Isobel Campbell possibly occupies the same peculiar position that Einar did in The Sugarcubes. While Ms Campbell may not holler lobotomised gibberish or spend her time in search of pub brawls, like Einar she’s simultaneously cited as her parent band’s frustrating weakness and its very essence.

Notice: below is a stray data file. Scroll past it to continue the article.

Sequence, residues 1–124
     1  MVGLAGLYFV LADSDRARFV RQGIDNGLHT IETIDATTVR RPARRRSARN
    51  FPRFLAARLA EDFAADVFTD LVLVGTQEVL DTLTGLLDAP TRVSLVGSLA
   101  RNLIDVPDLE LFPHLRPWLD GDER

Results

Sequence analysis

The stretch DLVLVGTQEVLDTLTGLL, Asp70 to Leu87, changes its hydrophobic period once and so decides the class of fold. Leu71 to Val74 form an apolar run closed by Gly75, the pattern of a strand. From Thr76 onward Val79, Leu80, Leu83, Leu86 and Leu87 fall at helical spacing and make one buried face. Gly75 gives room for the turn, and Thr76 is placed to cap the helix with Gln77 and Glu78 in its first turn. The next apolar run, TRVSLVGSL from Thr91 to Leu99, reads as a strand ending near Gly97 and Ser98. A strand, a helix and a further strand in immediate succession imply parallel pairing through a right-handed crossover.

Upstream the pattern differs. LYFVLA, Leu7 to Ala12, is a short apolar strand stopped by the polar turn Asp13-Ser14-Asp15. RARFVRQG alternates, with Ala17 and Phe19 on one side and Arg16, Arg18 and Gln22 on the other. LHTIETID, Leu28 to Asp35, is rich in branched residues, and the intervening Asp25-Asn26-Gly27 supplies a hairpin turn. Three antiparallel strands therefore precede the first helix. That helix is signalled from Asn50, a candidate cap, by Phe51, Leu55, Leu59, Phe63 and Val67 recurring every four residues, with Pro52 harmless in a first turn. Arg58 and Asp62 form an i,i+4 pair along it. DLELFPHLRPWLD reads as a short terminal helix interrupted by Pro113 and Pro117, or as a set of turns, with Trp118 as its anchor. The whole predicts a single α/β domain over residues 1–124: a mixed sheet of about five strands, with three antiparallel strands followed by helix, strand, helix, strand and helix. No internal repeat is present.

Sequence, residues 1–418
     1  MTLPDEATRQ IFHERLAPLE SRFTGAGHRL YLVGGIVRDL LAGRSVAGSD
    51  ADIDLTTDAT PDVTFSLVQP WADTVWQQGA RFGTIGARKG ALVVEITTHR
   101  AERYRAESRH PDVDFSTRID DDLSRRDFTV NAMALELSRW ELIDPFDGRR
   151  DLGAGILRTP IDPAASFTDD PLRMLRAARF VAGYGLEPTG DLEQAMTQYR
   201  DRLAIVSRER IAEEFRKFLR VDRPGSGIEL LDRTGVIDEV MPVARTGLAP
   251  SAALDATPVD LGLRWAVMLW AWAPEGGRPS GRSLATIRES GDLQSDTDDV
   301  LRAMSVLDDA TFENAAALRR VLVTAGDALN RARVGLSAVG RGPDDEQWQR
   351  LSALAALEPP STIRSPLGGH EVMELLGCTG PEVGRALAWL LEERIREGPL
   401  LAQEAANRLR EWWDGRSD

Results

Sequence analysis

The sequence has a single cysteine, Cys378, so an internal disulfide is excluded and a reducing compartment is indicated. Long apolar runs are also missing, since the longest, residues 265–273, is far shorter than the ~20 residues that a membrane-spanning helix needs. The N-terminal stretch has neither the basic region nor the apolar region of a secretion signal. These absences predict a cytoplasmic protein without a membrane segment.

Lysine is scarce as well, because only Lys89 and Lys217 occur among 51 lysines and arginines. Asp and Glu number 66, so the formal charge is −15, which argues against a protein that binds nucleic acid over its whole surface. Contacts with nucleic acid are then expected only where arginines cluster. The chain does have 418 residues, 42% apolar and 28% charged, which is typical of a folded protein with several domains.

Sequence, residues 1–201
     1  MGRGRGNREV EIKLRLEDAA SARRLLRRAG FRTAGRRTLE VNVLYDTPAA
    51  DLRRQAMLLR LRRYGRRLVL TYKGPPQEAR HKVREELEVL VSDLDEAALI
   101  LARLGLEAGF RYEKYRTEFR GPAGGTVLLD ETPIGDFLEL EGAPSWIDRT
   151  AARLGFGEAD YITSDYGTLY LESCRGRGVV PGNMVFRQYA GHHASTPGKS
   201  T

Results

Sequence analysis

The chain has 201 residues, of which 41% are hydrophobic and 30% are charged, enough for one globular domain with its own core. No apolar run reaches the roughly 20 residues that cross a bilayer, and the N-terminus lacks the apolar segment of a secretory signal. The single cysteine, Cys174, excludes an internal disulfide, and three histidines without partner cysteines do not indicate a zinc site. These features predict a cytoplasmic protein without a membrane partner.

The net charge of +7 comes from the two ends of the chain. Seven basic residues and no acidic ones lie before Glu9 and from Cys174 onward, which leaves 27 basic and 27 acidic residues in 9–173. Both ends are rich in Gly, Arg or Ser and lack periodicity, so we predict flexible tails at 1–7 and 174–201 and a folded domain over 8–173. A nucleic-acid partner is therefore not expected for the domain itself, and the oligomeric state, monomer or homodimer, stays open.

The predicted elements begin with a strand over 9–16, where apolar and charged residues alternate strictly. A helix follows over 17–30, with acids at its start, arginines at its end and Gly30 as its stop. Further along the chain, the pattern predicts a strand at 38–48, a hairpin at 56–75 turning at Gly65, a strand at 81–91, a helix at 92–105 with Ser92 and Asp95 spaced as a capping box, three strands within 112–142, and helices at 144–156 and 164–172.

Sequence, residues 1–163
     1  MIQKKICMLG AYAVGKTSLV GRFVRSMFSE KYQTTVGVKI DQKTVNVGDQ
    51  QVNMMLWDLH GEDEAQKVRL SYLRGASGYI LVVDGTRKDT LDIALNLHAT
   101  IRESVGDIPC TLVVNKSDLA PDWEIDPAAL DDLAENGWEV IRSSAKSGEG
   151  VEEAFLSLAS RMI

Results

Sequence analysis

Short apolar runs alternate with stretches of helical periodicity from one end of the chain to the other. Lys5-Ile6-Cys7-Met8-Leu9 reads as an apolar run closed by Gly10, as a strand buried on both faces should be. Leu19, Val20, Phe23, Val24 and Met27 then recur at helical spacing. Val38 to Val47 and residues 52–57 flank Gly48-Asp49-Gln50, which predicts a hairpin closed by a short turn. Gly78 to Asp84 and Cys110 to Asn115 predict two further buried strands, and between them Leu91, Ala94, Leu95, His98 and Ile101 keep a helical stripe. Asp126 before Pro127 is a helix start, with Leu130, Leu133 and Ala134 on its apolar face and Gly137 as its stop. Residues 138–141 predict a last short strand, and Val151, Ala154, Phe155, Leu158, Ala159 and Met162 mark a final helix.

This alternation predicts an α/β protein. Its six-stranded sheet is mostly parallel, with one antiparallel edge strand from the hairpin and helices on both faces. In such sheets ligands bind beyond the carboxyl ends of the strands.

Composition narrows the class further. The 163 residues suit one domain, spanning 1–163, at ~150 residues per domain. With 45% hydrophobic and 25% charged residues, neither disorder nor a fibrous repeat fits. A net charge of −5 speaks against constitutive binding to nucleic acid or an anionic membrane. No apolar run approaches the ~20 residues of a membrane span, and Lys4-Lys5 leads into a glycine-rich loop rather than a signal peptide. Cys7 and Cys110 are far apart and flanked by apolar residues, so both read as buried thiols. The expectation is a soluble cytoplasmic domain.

With no escape here from Campbell’s barely audible whisper, this album will confirm for detractors at least, that ‘twee’ is the ultimate put down. Yet there’s also a darker and much more brooding atmosphere than is normally associated with Hello Kitty lunchboxes and flying a bright kite out in the park. ‘Partner In Crime’ and ‘There Was Magic, Then’, for instance, are magnificently windswept, recalling the baroque grandeur of Lee Hazlewood, or hinting at Ennio Morricone’s dramatic film scores. Even on more typically delicate diversions, such as ‘Fallen From Grace’, the mood is intensely sad and bewitching. Nevertheless, it’s not all wintry bleakness either. ‘Sister Woman’ is a frothy country-soul jaunt that’s probably too cute for Rancid fans, while ‘Solace For Pain’ chimes brightly with keening pop. Even though Isobel is extending her range, ‘Swansong For You’ won’t eclipse the rehearsed complaints. Nonetheless, Ms Campbell still has a good deal more charm than any of Einar Sugarcube’s shrieking moon howls.